Geology of Orkney
The geology of the Orkney islands in northern Scotland is dominated by the Devonian age Old Red Sandstone (ORS). In the southwestern part of Mainland, this sequence can be seen to rest unconformably on a Moinian type metamorphic basement.
Metamorphic rocks are exposed near Stromness and Yesnaby on Mainland and on Graemsay. Most of the basement consists of granitic gneisses and later minor intrusions. These rocks are similar to those seen in northern Caithness and have been correlated with the Loch Eil Group of the late Proterozoic Moine sequence. The unconformity at the base of the overlying Devonian rocks is highly irregular, with the exposed basement forming hills in this buried land surface.
The stratigraphic breakdown of the Devonian sequence has traditionally been into Lower, Middle and Upper ORS due to a general lack of biostratigraphic control. These divisions are now known to approximate to the Lower, Middle and Upper divisions of the Devonian.
Rocks of probable lower Devonian age are exposed near Yesnaby, on western Mainland. A ridge of granitic basement divides the Hara Ebb Formation, a sequence of breccias, conglomerates and sandstones deposited in an alluvial fan setting, from the Yesnaby Sandstone which was deposited in an aeolian setting. The contact with the overlying Middle Devonian lacustrine Lower Stromness Flagstones is an angular unconformity.
Most of the Old Red Sandstone of Orkney is of Middle Devonian age. The lower part of the sequence, mostly Eifelian in age, is dominated by lacustrine beds of the lower and upper Stromness Flagstones that were deposited in Lake Orcadie. The two flagstones sequences are divided by the Sandwick fish bed, equivalent to the Achanarras formation of Caithness, representing an unusually persistent, deep and widespread lake that filled much of the Orcadian Basin. The sequence continues with the Rousay flagstones deposited in a similar lacustrine environment. The flagstones show a marked cyclicity in their sedimentation, with 86 such cycles being counted for the whole sequence. These are interpreted as representing regular climatically driven changes in lake level caused by Milankovitch cyclicity
The Eday Group overlies the Rousay Flagstones and represents a change to dominantly fluvial/aeolian deposition with only occasional lacustrine intervals. The Eday Group consists of three sandstone units, the lower, middle and upper Eday Sandstones separated by the Eday Flagstones and Eday Marl respectively. The Eday Marl consists mainly of red and green mudstones and siltstones and is thought to have been deposited in a river floodplain environment. Locally pseudomorphs of halite have been found and rarely marine microfossils (scolecodonts) indicating that the basin was affected by occasional marine incursions at this time.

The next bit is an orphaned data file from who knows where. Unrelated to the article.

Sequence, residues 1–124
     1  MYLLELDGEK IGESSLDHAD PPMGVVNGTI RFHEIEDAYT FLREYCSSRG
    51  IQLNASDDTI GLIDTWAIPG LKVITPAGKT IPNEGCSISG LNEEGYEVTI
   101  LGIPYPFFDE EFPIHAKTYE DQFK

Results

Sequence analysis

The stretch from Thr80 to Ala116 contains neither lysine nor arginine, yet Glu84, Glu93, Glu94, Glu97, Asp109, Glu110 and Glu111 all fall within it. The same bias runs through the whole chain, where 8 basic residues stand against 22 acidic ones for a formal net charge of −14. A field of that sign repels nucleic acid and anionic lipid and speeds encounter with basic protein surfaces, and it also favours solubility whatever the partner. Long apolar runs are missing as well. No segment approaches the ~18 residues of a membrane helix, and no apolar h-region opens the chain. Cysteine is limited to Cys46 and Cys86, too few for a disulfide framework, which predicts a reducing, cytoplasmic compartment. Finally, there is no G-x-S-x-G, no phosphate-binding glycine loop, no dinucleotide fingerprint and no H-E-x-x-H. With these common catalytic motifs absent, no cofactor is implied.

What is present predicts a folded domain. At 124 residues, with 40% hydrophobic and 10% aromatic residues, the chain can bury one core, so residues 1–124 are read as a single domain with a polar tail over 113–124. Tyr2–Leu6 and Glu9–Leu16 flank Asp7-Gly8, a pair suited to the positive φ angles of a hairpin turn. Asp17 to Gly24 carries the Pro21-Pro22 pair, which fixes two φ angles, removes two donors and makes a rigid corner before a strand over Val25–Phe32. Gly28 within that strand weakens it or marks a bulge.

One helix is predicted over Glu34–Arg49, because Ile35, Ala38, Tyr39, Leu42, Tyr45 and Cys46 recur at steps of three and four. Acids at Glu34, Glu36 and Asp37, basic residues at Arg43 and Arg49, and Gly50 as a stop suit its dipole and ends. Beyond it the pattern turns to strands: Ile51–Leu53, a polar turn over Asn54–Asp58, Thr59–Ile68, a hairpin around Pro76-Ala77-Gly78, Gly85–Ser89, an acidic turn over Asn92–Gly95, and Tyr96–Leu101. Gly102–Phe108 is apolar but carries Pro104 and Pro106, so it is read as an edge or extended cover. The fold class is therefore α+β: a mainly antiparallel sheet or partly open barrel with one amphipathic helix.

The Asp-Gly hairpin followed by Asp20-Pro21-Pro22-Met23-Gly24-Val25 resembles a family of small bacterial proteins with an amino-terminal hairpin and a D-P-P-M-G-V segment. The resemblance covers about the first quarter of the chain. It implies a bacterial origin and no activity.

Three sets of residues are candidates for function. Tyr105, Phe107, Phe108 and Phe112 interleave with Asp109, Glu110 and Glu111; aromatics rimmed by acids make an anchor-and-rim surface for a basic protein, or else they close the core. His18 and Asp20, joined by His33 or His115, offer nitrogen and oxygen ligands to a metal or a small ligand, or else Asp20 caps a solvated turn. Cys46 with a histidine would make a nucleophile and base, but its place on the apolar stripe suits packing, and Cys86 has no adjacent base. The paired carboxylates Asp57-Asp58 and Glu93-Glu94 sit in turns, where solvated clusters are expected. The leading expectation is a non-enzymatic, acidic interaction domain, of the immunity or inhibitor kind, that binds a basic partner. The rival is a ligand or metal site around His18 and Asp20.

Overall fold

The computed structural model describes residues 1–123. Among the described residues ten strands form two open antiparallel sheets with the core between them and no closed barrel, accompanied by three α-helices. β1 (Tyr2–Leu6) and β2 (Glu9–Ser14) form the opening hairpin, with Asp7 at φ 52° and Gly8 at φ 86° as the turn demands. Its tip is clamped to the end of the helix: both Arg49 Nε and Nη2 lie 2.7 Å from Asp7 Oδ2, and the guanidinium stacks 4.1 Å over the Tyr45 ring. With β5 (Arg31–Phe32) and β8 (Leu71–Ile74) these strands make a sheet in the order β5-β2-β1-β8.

The age and stratigraphic equivalents of the Hoy sandstone sequence are a matter of continuing debate. Traditionally the presence of an unconformity at the base of the lavas beneath these sandstones on southwestern Hoy has been interpreted to mark a major time break. More recent studies have suggested that this unconformity is of only local significance as a hiatus of this age has not been recognised elsewhere in the Orcadian Basin sequence. It has been proposed that the Hoy sandstones are the lateral equivalents of the Eday Group, the thickness and associated facies changes being caused by active extensional faulting during deposition. The presence of lavas within the Eday Flagstone Formation has been used to lend support to this idea, but differences in the chemistry between these lavas and those on Hoy mean that such a correlation remains uncertain.
The Upper Eday Sandstone is considered to extend from the Upper Givetian into the Lower Frasnian in age. However, there is no biostratigraphic data available to confirm this suggestion. Hydrocarbon exploration wells drilled in the Inner and Outer Moray Firth basins show similar sequences continuing without break into the Lower Carboniferous.
The Devonian and older rocks of Orkney are cut by a series of WSW-ENE to N-S trending faults, many of which were active during deposition of the Devonian sequences. The largest of these faults are the North Scapa Fault, East Scapa Fault and Bring-Risa Fault. Both the North Scapa and Brims-Risa faults show evidence of local reversal along part of their lengths, thought to be due to a period of transpressional deformation along the Great Glen Fault system that lies just to the east of the islands, during the Carboniferous. Small-scale folding is common and one large-scale fold is developed, the north-south trending Eday syncline. This syncline is parallel to neighbouring normal faults and thickness variations in the lower Eday Sandstone indicate that this structure was active during the middle Devonian.
The presence of bitumens throughout Orkney show that hydrocarbons have at least locally been produced and migrated. The permanent lake laminites from the flagstone sequences are moderate to good source rocks and are currently marginally mature at the surface as a result of burial after the Devonian. Two large exhumed oil accumulations have been described from Orkney, the Yesnaby and Houton Head reservoir systems. At Yesnaby bitumens occur throughout the presumed trap in the aeolian Yesnaby Sandstone with good porosity and permeability. At Houton Head, bitumens are found within a large area of aeolian/fluvial lower Eday Sandstone of similarly good reservoir characteristics.
Glacial and periglacial sediments are found locally throughout Orkney. A full history of the glaciations is not recorded with the last glaciation being the only event for which there is much evidence.
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